McGill and Partners reveals collaboration for offshore wind catastrophe models

Initial models cover five risk-prone areas across the world

McGill and Partners reveals collaboration for offshore wind catastrophe models

Catastrophe & Flood

By Kenneth Araullo

McGill and Partners has joined forces with Renew Risk to construct catastrophe models tailored for offshore wind portfolios.

This collaboration aims to address the growing need for comprehensive catastrophe modelling, particularly as offshore wind projects extend further into high-risk zones.

The industry can gain a better grasp of risk, quantify it, set appropriate (re)insurance limits, and comprehend aggregation across multiple wind farms within a region through better models, the company explained. Ultimately, it is also expected to bolster insurance capacity, benefiting developers by allowing (re)insurers to offer more competitive and sustainable products while reducing their own capital requirements and volatility.

Renew Risk, leveraging deep data methodologies and drawing from extensive insights from the McGill and Partners team, has created five initial models within the Oasis framework — an open-source cat model platform. These models cover areas such as Northeast US hurricane, Taiwan earthquake and typhoon, and Japan earthquake and typhoon.

These models also provide a more comprehensive understanding of natural peril risks, enabling appropriate insurance limit determination and enhancing the understanding of risk aggregation across multiple wind farms in a region.

In a traditional sense, assessing the catastrophe risk for offshore wind farms relied on general rules of thumb for different regions or by modelling risks akin to onshore. Notably, as McGill and Partners pointed out, there have been no commercially available models specifically for offshore wind farms in areas of interest, where numerous offshore assets are increasingly being developed, often in highly exposed natural catastrophe peril zones.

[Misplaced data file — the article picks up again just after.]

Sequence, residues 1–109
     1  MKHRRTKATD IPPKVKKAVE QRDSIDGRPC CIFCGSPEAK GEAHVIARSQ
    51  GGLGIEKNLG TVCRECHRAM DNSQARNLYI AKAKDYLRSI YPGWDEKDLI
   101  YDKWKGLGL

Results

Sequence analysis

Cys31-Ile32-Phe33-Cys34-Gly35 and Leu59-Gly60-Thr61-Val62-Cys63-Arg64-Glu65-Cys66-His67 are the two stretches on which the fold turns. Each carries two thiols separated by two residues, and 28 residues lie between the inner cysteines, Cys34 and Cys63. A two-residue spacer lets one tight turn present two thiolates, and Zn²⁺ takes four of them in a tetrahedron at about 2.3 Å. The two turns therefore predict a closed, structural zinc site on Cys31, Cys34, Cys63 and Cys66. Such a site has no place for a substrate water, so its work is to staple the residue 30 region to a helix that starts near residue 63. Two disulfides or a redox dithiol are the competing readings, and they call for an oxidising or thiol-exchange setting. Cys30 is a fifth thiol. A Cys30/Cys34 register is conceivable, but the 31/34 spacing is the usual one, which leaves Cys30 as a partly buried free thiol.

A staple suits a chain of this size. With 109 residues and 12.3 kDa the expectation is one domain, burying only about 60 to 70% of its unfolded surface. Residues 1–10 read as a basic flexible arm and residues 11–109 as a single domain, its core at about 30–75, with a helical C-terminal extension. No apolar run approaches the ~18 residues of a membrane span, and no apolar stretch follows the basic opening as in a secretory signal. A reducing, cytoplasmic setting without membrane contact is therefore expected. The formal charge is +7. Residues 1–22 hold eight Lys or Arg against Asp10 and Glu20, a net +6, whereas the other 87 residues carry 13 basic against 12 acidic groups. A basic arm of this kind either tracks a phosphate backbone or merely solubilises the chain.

“There has been a pressing need for a custom-built offshore wind catastrophe model to accurately assess the probability of loss for this rapidly developing asset class in high-risk zones,” said Tom Saxton, McGill and Partners head of renewables, power and energy Tom Saxton. “These models will assist both offshore wind clients and insurers to access more efficient risk transfer capital. They will enable insurers and reinsurers to price coverage more accurately, understand asset class aggregations, and assess offshore wind's impact on other lines of business – previously inaccessible insights. This will give insurers and reinsurers the confidence to provide greater capacity at more appropriate pricing levels to our offshore wind clients in high catastrophe zones.”

Renew Risk CEO Ashima Gupta also commented on the development of these models, saying that offshore wind is vital in the transition to a renewable energy economy.

“As the industry witnesses a surge in new projects located in regions susceptible to natural disasters, it is important to have robust risk models which will allow (re)insurers to appropriately assess the risk of these billion-dollar assets constructed in the deep sea. With our state-of-the-art data science-driven risk models, we can enable our clients to thoroughly assess the intricate risks associated with natural disasters, thereby instilling the confidence needed to furnish these projects with precisely tailored insurance coverage. By offering this robust risk management solution, we are actively contributing to the progress towards a greener and more sustainable energy landscape,” Gupta said.

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